And here’s THE QUEEN at Royal Ascot today. It was Ladies Day, so I also threw in pictures of ladies showing off the hats that will definitely end up in the gutter after they get ten kinds of plastered.
Did you totally blank on Father’s Day and forget to send something to your dad for like the 5th year in a row? You still have time to enter your dad in the Father’s Day Crown Royal velvet painting contest. See above for the details on how you can win a velvet painting that your dad will cherish more than you.
Below we have John BC. I took home a bottle of Crown Royal Wine Barrel Finished this weekend as his Father’s Day gift and you would’ve thought I got him a new John Deere backhoe. John BC went nuts over one of the coolest bottles you’ll ever see. And the giant purple bag that’s like a collector’s item in his world. He loves this whiskey.
Thanks to Crown for this opportunity for my dad. We’re so happy to be partnering with Crown Royal. It’s a highlight of dad’s summer.
It’s the fanciest bottle of liquor John BC has ever had in his house…so fancy:
If you’ve been keeping tabs on Queen Elizabeth II, then you’re likely well aware that she’s not your average 91-year-old — she drives her own car, uses Twitter, and oh, yeah, binges Netflix like the rest of us. Although there’s no word on what she thought about 13 Reasons Why, there’s one show she surprisingly is a big fan of: The Crown. Netflix’s original series is a lavish look into the early days of Queen Elizabeth II’s rise to power and her first years of marriage to Prince Philip, and despite a few factual errors throughout season one, the real-life queen has reportedly given it her blessing.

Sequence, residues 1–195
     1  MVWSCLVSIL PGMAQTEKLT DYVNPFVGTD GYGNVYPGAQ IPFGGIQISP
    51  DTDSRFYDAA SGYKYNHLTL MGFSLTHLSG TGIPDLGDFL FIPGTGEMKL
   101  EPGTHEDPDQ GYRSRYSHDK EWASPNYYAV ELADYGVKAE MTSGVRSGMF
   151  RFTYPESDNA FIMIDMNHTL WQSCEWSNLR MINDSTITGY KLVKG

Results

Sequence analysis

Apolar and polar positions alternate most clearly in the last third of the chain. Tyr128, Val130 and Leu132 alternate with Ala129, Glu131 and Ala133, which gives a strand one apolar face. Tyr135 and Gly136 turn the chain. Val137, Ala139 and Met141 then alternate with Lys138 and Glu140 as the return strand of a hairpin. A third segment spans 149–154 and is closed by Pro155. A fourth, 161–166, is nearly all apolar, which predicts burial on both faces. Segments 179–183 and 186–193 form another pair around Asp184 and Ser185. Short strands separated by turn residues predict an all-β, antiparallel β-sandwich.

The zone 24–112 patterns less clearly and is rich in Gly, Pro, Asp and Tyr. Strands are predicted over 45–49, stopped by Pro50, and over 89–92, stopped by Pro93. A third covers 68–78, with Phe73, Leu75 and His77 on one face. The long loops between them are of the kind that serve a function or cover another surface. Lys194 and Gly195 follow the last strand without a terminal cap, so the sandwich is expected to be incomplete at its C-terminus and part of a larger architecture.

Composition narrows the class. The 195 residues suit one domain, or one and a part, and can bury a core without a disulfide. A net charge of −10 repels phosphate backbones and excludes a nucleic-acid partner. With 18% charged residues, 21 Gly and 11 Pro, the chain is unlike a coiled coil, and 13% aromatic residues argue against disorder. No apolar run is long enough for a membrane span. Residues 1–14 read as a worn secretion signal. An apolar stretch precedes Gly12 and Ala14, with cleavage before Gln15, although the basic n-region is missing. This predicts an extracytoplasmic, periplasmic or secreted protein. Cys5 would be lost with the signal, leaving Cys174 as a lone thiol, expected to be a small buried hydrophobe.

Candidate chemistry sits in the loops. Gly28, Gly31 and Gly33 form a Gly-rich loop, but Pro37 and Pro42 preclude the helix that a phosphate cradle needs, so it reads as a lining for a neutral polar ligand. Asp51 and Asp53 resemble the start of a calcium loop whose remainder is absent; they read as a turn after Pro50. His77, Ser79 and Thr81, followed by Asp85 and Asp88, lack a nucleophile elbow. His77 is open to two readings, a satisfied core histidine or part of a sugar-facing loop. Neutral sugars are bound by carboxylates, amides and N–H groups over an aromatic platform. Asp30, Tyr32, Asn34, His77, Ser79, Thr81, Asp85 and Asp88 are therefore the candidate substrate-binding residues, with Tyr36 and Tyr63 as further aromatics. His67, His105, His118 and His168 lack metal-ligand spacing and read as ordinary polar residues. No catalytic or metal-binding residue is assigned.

According to The Daily Express, Her Majesty began watching the show after her son and daughter-in-law Prince Edward and his wife, Sophie, recommended it to her. «Edward and Sophie love The Crown,» a senior royal source revealed. «It has been a longstanding arrangement that they drive to Windsor at the weekend to join the queen for an informal supper while watching TV or a film. They have a Netflix account and urged her to watch it with them. Happily, she really liked it, although obviously there were some depictions of events that she found too heavily dramatized.»
The series, which stars Claire Foy and Matt Smith as Elizabeth and Philip, doesn’t shy away from deeply personal issues the couple had to overcome, as well as the scandalous affair Princess Margaret (played by Vanessa Kirby) had with a divorced man. Fortunately the high production values and dedication to honestly telling the story has earned the show rave reviews from both critics and members of the royal family alike. Princess Eugenie recently called the music in the show «wonderful» and remarked that «the story is beautiful, and you feel very proud to watch it.» Lucky for them, season two is on the way.